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Stage-specific incidence trends of melanoma in an English region, 1996–2015

longitudinal analyses of population-based data

Herbert, Anniea; Koo, Minjoung M.a; Barclay, Matthew E.b,c; Greenberg, David C.b; Abel, Gary A.d; Levell, Nick J.e; Lyratzopoulos, Georgiosa,b,c

doi: 10.1097/CMR.0000000000000489
Original article: PDF Only

The aim of this study was to examine temporal trends in overall and stage-specific incidence of melanoma. Using population-based data on patients diagnosed with melanoma in East Anglia, England, 1996–2015, we estimated age-standardized time trends in annual incidence rates for each stage at diagnosis. Negative binomial regression was used to model trends over time adjusted for sex, age group and deprivation, and to subsequently examine variation in stage-specific trends by sex and age group. The age-standardized incidence increased from 14 to 29 cases/100 000 persons (i.e. 4% annually). Increasing incidence was apparent across all stages but was steepest for stage I [adjusted annual increase: 5%, 95% confidence interval (CI): 5–6%, and more gradual for stage II–IV disease (stage II: 3%, 95% CI: 2–4%; stage III/IV: 2%, 95% CI: 1–3%)]. Stage II–IV increase was apparent in men across age groups and in women aged 50 years or older. Increases in incidence were steeper in those aged 70 years or older, and in men. The findings suggest that both a genuine increase in the incidence of consequential illness and a degree of overdiagnosis may be responsible for the observed increasing incidence trends in melanoma in our population during the study period. They also suggest the potentially lower effectiveness of public health awareness campaigns in men and older people.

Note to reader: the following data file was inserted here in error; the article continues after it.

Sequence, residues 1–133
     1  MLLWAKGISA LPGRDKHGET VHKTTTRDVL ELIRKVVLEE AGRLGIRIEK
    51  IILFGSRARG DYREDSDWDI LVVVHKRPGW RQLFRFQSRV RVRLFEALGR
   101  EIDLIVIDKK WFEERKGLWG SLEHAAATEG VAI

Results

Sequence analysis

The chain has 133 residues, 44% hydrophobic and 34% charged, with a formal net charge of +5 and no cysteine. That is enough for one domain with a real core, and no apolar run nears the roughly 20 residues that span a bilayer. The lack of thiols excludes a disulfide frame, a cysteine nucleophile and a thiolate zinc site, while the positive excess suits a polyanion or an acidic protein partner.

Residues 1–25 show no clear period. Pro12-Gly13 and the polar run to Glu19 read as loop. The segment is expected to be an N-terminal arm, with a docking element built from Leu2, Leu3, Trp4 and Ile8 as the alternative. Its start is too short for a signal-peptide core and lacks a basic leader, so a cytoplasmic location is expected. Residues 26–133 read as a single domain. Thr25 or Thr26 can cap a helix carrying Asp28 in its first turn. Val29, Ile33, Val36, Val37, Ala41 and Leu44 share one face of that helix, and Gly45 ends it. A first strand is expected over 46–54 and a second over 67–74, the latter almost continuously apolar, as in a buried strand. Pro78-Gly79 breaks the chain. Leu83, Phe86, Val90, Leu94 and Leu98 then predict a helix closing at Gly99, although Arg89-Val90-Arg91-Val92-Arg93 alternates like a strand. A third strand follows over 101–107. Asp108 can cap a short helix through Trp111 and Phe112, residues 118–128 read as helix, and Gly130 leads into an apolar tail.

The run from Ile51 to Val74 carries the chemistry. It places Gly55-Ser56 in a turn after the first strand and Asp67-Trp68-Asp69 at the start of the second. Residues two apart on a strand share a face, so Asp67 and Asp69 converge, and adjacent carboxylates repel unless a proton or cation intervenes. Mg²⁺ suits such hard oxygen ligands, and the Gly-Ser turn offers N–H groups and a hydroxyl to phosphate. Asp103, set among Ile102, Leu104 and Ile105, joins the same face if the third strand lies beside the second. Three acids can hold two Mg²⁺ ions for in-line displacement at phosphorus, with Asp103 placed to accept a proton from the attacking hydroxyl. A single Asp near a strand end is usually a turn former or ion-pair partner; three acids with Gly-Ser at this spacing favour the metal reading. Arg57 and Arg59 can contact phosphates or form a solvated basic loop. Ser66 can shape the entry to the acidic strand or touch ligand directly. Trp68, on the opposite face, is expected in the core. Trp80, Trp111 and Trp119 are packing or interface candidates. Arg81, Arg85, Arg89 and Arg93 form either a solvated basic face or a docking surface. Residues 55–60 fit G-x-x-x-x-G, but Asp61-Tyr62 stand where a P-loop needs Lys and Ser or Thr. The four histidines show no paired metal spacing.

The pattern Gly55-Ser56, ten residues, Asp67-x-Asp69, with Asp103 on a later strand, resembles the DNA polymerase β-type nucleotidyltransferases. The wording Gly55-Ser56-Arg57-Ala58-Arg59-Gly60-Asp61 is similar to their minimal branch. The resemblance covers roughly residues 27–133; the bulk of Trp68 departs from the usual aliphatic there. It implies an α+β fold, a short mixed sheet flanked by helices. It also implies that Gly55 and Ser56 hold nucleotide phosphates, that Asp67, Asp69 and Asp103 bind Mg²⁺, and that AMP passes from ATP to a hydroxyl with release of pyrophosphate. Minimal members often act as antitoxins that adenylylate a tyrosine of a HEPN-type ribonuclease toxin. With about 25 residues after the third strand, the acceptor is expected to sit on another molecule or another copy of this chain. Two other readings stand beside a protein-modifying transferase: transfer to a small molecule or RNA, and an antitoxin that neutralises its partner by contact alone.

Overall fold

This is an open access article distributed under the Creative Commons Attribution License 4.0 (CCBY), which permits unrestricted use, distribution, and reproduction in any medium, provided the original work is properly cited.

aDepartment of Behavioural Sciences and Health, Epidemiology of Cancer Healthcare and Outcomes Research Group, University College London, London

bPublic Health England National Cancer Registration and Analysis Service, Fulbourn

cThe Health Improvement Studies Institute & Cambridge Centre for Health Services Research, University of Cambridge, Cambridge

dPrimary Care, University of Exeter Medical School, Exeter

eDepartment of Dermatology, Norfolk and Norwich University Hospital, Norwich, UK

Correspondence to Georgios Lyratzopoulos, MD, Department of Behavioural Science and Health, Epidemiology of Cancer Healthcare and Outcomes Research Group, University College London, WC1E 7HB London, UK Tel: +44 206 798 267; fax: +44 207 679 8354; e-mail:

Received December 10, 2017

Accepted June 29, 2018

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